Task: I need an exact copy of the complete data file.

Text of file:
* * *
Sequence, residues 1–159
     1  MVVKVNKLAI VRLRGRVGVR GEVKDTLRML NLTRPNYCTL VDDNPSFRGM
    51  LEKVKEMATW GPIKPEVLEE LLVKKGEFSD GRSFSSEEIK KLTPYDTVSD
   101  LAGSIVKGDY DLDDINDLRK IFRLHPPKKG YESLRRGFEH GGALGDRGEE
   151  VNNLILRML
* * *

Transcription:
Sequence, residues 1–159
     1  MVVKVNKLAI VRLRGRVGVR GEVKDTLRML NLTRPNYCTL VDDNPSFRGM
    51  LEKVKEMATW GPIKPEVLEE LLVKKGEFSD GRSFSSEEIK KLTPYDTVSD
   101  LAGSIVKGDY DLDDINDLRK IFRLHPPKKG YESLRRGFEH GGALGDRGEE
   151  VNNLILRML